Community media is a tough gig. Recently I looked at the fortunes of our commercial and PBS radio stations, which according to Ad Dynamix (March 16 – Feb 17), accounted for 98.3% of the R7.439 billion allocated to radio in this country.
Community stations were allocated R123.3 million during this period. With Ad Dynamix tracking 170 community stations, this suggested an average station ad investment of around R725 460.
But South Africa is a land of vast discrepancies – think of that notorious Gini coefficient! The top community station, Jozi FM, takes almost R30 million. Hot FM, darling of the media agencies, has escaped Nielsen classification as a community station, because it is represented by United Stations. It would rank second, having taken just shy of R12.2 million. Pulpit FM drew R7.5 million, Zibonele FM R5 million and Tygerburg FM nearly R3.9 million.
Five stations attracted between R2 and R3 million: Thetha Radio, Kasie FM, Alex FM, Izwi Lethemba and Voice of the Cape. Sixteen stations pulled in between R1 million and R2 million; 102 survived on between R100 000 and R1 million; 43 stations battled on less than R100 000 ad investment.
To fully understand this picture of inequality, we need to remember that the Jan – Dec 2016 BRC RAM report shows that community radio accounts for 12.7% audience share. Moreover, the stations which command the longest listening hours are community ones. Listeners devote an average of 25.54 hours to commercial and PBS stations. Namakwaland 93.4 FM, Radio NFM98.1 and Bosveld Stereo command in excess of 30 hours a week.
I have previously written about the media agency arguments against community stations. They are manifold, and not always entirely without reason, but The Media Connection provides diffident advertisers with reassuring management systems and oversight. It spares overstretched agencies the tedium and time of dealing directly and individually with each small community station.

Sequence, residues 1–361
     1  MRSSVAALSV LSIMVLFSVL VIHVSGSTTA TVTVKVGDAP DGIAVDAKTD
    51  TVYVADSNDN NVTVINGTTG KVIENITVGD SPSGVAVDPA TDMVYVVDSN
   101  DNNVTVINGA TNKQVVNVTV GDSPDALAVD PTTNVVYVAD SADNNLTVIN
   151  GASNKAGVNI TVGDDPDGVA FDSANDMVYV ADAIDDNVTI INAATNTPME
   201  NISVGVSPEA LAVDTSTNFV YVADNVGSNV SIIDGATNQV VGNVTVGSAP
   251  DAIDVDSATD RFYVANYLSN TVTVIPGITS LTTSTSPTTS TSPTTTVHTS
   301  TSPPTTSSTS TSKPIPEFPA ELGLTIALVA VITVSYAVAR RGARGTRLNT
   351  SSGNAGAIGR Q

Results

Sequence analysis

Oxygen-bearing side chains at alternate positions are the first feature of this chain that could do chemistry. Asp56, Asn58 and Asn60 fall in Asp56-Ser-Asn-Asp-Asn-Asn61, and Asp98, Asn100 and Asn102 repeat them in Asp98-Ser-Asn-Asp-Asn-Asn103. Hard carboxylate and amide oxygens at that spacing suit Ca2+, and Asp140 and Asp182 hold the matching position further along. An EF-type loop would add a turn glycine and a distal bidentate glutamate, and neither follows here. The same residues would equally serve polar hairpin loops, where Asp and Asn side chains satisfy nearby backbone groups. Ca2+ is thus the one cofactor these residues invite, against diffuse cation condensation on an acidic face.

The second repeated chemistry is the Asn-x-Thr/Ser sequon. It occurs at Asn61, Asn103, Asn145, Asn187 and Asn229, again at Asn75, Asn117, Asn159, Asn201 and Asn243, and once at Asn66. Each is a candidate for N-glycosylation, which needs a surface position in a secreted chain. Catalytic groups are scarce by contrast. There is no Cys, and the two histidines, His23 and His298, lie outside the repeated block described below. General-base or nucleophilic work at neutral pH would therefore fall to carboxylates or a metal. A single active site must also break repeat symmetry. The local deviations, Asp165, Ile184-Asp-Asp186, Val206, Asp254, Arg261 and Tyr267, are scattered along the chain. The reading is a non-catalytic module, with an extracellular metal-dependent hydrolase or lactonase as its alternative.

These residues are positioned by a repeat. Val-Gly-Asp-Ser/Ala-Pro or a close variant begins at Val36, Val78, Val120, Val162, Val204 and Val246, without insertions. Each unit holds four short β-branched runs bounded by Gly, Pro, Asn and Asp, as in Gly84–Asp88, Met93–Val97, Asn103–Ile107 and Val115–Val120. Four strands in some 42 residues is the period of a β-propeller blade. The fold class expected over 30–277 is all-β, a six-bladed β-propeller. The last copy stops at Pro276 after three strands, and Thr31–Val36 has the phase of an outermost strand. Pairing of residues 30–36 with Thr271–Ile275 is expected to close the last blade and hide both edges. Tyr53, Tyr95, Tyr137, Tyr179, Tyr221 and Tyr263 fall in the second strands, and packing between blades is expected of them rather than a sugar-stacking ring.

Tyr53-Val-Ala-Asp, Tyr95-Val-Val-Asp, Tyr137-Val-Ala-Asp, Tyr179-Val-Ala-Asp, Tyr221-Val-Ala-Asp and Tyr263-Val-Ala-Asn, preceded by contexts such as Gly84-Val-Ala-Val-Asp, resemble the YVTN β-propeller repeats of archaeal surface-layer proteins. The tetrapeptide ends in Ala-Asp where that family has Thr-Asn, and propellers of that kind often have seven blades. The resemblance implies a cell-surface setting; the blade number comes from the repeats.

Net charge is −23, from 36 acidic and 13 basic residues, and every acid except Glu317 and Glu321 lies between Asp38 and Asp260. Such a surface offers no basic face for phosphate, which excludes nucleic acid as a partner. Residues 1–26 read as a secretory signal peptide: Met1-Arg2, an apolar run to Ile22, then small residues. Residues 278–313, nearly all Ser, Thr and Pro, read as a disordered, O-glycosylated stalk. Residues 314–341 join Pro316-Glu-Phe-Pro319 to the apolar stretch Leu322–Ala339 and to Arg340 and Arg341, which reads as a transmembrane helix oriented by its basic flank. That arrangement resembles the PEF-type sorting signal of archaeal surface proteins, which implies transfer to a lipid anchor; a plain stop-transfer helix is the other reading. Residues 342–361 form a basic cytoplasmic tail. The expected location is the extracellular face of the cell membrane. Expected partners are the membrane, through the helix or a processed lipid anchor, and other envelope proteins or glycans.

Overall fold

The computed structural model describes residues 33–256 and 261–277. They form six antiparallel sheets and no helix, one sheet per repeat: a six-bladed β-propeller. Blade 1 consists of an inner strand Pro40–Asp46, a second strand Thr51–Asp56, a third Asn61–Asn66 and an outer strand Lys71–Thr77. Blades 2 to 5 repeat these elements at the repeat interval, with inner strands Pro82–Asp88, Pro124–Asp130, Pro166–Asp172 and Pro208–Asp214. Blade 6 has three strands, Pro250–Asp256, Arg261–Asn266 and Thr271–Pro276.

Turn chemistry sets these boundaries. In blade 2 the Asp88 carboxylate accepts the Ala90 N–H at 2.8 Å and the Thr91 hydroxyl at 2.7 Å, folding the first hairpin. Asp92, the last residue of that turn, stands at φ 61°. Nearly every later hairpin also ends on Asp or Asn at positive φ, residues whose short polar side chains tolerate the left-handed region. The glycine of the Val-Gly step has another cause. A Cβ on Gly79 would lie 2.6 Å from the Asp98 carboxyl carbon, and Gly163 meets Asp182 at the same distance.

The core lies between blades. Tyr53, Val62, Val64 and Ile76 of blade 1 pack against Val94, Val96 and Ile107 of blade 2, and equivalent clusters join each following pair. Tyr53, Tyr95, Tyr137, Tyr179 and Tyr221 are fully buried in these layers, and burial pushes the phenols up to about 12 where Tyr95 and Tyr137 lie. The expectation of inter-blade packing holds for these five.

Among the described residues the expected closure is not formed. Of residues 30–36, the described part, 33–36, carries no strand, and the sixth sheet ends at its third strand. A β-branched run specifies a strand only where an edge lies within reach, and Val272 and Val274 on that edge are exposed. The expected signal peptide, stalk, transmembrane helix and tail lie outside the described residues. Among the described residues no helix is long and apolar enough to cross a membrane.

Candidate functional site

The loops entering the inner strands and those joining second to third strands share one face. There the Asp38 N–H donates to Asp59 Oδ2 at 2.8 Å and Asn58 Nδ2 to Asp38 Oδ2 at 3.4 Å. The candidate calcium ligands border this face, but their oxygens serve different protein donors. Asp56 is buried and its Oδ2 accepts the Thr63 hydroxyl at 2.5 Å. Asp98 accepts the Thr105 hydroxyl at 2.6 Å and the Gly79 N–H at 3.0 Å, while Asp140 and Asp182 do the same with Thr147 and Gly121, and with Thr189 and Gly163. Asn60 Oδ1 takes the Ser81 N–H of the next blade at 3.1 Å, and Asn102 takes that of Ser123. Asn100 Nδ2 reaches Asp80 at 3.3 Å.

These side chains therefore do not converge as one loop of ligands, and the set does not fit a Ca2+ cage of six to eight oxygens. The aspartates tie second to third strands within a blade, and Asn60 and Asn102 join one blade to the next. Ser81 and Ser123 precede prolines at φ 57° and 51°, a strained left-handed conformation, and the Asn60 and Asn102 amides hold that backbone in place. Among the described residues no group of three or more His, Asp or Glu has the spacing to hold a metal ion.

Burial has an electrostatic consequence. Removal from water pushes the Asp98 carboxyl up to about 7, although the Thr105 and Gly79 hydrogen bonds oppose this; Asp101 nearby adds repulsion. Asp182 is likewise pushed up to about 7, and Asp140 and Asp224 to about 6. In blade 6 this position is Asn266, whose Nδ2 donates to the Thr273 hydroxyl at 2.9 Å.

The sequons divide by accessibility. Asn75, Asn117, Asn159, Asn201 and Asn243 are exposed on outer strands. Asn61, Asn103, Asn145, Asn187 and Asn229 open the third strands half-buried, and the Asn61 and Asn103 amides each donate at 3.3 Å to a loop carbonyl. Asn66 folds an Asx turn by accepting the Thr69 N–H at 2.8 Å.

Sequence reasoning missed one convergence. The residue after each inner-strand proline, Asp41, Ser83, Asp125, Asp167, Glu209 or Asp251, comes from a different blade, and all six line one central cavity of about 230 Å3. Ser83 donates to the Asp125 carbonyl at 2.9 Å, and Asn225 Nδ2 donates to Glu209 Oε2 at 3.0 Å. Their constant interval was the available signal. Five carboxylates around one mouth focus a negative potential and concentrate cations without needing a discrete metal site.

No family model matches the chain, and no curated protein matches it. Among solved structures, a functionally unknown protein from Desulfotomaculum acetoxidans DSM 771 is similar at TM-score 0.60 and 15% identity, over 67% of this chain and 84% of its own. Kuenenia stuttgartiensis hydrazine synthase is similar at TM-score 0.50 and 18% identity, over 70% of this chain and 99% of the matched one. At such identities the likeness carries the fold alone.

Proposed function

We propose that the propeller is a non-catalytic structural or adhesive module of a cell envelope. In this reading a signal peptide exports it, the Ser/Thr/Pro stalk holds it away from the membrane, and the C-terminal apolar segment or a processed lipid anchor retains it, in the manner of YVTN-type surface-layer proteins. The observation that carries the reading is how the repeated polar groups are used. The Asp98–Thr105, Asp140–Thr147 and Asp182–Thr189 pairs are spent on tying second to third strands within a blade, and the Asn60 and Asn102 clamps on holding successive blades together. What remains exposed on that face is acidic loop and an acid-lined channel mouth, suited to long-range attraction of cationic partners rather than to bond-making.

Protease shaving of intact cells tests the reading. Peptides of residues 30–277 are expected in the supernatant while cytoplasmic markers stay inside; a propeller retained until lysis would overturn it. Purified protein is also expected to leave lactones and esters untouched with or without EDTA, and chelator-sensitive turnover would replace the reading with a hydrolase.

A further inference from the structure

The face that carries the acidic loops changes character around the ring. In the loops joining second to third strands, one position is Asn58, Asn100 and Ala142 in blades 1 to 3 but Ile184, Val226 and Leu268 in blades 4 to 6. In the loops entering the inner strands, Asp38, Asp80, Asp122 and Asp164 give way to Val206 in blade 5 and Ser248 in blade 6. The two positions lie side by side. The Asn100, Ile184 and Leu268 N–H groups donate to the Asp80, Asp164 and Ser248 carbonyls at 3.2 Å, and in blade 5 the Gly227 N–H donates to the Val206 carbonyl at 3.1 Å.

The 12 months’ data release of the BRC RAM report is specifically intended to allow community and small base stations to build up adequate samples so that their audience data can be reliably used. Once a station has a minimum of 40 respondents over the year, the results will be published. This move has provided 52 more community stations with usable data; all in all, 274 community stations are now tracked.
While one would like to hope that this development would prompt advertisers and their agencies to reassess community radio stations, it is likely that the habit of making many vehicle selections from a national perspective, will continue to mask the importance of community stations. Ranked on this level, their shares seem low, with Star FM 102.9 and Radio Tygerberg coming in at 0.4% of national audience.
But if we look at a provincial level, then we begin to see a different picture. In the Western Cape, for example, Tygerberg and Zibonele each take a 3.2% share and the Voice of the Cape 2.4%. This places them well ahead of 5FM’s share of total adult audience in this province. Change the perspective to the metropolitan area of Cape Town, and naturally, their shares improve.
It is unlikely that advertisers are going to become more geographically eagle-eyed for community stations alone, but a more careful scrutiny of performance on key provincial areas would improve schedule delivery across most media. It is all too easy to talk of “national media” and to assume that if a medium has national distribution, or a national footprint, it will deliver solid reach over all provinces. This is seldom the case. Investing time reviewing delivery on this level, would improve allocations to community radio, but it would also improve the way we use commercial and PBS stations. And outdoor. And press.